This text from my 89-year-old grandma lit up my phone when I told her that since her fling with Pokemon Go was a bust, we were going to try Tinder next.
“It’s a dating app!” I said to her.
“Dating?? What about dating?? Wait lang ha, eat muna ako.”
And then later, Lola Charit texted again.
“The word ‘tinder,’ why did you use it in connection with dating? Maybe you are expecting fireworks to tickle your funny bones? Hahaha no tinder in my dating days! You know what, if I tell you of my dating days, you’d be snoring yourself to death… Yes, Virginia, those were sorry days for Lolo Osing and me!”
Days later, Lola and I sat at a comfy booth in Manam, with way too much food in front of us.
“I was reading ‘Modern Romance’ by this comedian Aziz Ansari and it talked about how people from older generations used to find love within a certain mile radius, often in their own neighborhoods. Like you and Lolo. Or my parents,” I said to her.
“Wala ka namang choice,” Lola said. “Lalo na with a family like ours na tagong-tago, hindi ka pwede lumabas.”
My grandma’s mother was strict, so strict that she couldn’t even look out their window. “Bawal dumungaw sa bintana, sasabihin nagbebenta ka ng sarili,” she said.
The only man she ever loved
The man she eventually married —my Lolo Osing—was not just a neighbor, he was a friend of her brother’s. He would go to their house all the time and my grandma found him annoying because he would track mud inside.
One night, Lolo Osing slept at their house and, on Lola Charit’s way to the kitchen, she bumped into him. “Buhat ulo hanggang paa nakuryente ako, my god. First time na naramdaman ko ’yun.”
He courted her and, six months later, they became a couple. But because her mother was strict, they were only allowed to see each other twice a week, at her house, on Thursdays and Sundays, from 6-8 p.m., while her mother watched them like a hawk. “We did that for six years.”
Some time during those six years, Lola and Lolo broke up and then got back together after a chance encounter inside a jeepney in Quiapo (“He still had my breakup letter in his pocket and he threatened to read it for everyone in the jeep to hear if I didn’t let him visit me.”). They got married after she got her degree in English—she was part of University of the Philippines Diliman’s first batch of graduates in 1951. “He fulfilled my father’s wish of letting me finish school first,” she said.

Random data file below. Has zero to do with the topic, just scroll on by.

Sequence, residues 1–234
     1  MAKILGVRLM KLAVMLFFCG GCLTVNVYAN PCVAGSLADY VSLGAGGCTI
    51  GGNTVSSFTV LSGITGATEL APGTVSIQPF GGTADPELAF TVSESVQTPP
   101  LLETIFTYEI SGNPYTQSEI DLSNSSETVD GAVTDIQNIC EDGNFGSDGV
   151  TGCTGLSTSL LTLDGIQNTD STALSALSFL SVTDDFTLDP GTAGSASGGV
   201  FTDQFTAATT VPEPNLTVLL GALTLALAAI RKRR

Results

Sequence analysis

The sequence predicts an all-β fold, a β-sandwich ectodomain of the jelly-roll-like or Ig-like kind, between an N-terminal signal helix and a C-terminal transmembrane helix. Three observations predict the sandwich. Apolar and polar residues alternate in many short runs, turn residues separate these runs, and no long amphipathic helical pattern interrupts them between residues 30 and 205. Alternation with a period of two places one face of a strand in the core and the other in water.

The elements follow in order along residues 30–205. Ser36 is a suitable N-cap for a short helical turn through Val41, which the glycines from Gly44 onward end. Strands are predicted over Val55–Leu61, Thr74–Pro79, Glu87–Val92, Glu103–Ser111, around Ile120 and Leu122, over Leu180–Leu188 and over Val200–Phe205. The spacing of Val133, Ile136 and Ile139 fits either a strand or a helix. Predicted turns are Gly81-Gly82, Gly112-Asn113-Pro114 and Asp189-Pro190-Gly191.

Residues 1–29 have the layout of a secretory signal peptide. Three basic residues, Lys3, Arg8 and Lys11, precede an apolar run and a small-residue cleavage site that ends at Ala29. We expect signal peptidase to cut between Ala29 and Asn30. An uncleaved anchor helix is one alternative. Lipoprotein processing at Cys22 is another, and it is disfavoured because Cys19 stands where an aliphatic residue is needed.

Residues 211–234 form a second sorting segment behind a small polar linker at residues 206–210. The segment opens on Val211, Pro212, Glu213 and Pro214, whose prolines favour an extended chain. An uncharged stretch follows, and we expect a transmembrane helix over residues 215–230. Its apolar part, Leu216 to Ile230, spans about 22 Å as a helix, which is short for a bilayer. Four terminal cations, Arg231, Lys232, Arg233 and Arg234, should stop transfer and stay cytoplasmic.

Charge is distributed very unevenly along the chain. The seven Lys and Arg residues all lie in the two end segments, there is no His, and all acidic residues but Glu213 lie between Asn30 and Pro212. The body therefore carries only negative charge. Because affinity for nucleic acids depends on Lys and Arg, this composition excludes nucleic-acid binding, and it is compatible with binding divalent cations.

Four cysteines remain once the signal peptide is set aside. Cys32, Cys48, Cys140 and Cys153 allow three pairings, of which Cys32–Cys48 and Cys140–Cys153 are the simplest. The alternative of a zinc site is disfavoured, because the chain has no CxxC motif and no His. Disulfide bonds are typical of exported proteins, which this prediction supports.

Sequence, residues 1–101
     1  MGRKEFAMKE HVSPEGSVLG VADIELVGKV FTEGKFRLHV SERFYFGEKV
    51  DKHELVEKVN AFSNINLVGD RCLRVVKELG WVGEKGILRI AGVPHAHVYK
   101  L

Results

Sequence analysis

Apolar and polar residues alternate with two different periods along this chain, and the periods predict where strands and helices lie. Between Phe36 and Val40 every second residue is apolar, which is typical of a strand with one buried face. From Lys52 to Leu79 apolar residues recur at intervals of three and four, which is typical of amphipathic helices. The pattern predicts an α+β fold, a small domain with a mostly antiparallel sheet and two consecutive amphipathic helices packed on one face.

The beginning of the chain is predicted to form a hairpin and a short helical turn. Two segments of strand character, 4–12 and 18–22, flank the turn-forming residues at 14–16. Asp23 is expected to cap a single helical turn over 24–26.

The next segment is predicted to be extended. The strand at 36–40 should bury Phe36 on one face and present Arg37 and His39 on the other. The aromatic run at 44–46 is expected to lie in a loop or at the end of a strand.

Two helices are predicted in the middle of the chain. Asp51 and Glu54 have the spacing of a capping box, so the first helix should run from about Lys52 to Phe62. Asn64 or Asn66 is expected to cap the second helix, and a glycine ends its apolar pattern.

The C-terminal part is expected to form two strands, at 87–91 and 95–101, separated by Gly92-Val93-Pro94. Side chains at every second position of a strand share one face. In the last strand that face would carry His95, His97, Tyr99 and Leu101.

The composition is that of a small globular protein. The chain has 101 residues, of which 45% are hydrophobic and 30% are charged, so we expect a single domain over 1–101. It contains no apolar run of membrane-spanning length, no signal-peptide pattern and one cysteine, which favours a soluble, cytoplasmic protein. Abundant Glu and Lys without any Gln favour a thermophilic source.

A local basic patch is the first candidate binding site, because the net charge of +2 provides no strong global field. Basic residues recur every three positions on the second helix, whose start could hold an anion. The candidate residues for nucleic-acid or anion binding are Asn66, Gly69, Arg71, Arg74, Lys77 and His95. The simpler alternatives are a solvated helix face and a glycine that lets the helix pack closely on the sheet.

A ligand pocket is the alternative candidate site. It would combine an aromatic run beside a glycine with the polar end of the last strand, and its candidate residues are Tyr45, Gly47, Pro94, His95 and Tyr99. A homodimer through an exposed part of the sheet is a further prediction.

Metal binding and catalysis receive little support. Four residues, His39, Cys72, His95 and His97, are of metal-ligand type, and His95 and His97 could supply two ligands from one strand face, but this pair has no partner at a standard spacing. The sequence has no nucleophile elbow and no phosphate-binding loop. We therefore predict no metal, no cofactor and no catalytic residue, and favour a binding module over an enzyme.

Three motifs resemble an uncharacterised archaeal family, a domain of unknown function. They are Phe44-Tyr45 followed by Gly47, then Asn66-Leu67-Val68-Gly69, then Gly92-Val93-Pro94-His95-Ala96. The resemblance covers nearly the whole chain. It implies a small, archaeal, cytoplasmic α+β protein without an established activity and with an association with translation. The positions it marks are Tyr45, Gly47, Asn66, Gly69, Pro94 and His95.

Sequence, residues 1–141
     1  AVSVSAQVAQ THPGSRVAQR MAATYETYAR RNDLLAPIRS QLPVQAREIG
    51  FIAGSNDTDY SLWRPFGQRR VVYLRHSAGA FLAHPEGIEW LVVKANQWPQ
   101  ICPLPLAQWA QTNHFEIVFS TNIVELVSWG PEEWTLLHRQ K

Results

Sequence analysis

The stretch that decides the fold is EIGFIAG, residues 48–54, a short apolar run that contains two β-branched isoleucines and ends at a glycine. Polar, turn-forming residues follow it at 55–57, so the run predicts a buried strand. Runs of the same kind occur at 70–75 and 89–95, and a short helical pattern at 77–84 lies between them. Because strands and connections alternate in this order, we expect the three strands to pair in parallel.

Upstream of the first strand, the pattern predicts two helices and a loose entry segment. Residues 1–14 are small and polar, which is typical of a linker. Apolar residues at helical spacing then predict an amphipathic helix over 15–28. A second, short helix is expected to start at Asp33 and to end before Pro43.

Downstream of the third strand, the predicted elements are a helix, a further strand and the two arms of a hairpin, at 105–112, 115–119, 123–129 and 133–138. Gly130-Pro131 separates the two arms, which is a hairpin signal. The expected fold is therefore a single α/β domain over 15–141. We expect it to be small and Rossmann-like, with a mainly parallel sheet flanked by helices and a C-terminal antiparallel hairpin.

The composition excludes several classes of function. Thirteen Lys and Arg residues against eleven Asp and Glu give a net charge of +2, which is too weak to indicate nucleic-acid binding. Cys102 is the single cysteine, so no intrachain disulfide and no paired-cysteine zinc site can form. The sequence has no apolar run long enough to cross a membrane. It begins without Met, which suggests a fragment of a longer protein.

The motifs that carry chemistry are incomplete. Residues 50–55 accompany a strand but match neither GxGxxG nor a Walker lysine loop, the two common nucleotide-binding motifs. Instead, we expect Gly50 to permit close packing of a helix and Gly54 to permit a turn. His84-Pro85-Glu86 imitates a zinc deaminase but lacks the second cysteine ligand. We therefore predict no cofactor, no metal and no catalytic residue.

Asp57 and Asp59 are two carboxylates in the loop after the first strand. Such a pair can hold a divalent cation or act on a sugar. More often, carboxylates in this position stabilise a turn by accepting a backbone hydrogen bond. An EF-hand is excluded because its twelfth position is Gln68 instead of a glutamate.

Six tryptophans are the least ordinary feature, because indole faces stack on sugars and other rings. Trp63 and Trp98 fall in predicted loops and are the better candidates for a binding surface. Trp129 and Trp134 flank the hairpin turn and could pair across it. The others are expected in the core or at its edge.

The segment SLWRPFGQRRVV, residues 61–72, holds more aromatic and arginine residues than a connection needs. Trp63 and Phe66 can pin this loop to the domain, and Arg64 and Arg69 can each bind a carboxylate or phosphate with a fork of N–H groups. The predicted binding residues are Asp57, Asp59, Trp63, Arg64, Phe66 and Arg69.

Lolo Osing was the only man she ever loved and she hasn’t dated anyone else, not even after he died in 1999. I asked her why and she said, “Hinahanap ko what I felt for him. Wala na akong makikitang tulad ni Osing.”
But on Tinder, we were going to try.
“This is Tinder, Lola,” I said, handing her my phone. “It shows you profiles of people and even shows you how near they are. Like this guy, he’s just 10 km away.”
Lola Charit looked at me and rolled her eyes like it was the most ridiculous thing she’d heard.
“You look at people’s profiles and if you don’t like them, you tap on the X or swipe left. If you like them, you tap on the heart or swipe right. If they also liked you, you get a match. You can only send messages to people you match with. Does this sound weird?” I asked.
“Medyo,” she said.
I eased her into the experience by letting her look at my profile. She critiqued each of my photos. “That’s nice… Pangit. That’s good. Okay ’yan, pensive.”
Then I showed her the guys’ profiles.
She took one look at 25-year-old Eric’s long hair and said, “No no no.”
Sorry, Eric. We swiped left.
Then she saw Paul, who is also 25. “Puro bata, ah,” Lola said. “Wala bang kasing tanda mo?”
We swiped left, we swiped left, we swiped left.
Lola Charit started wondering where these guys were coming from. “Ano ’yan, binili mo meron nang laman?” she asked, and I laughed.
We stopped at Michael, who claims to be 106 years old. “He looks funny, pwede na ’yan,” she said.
She reached out to tap the heart but changed her mind, going for the star instead.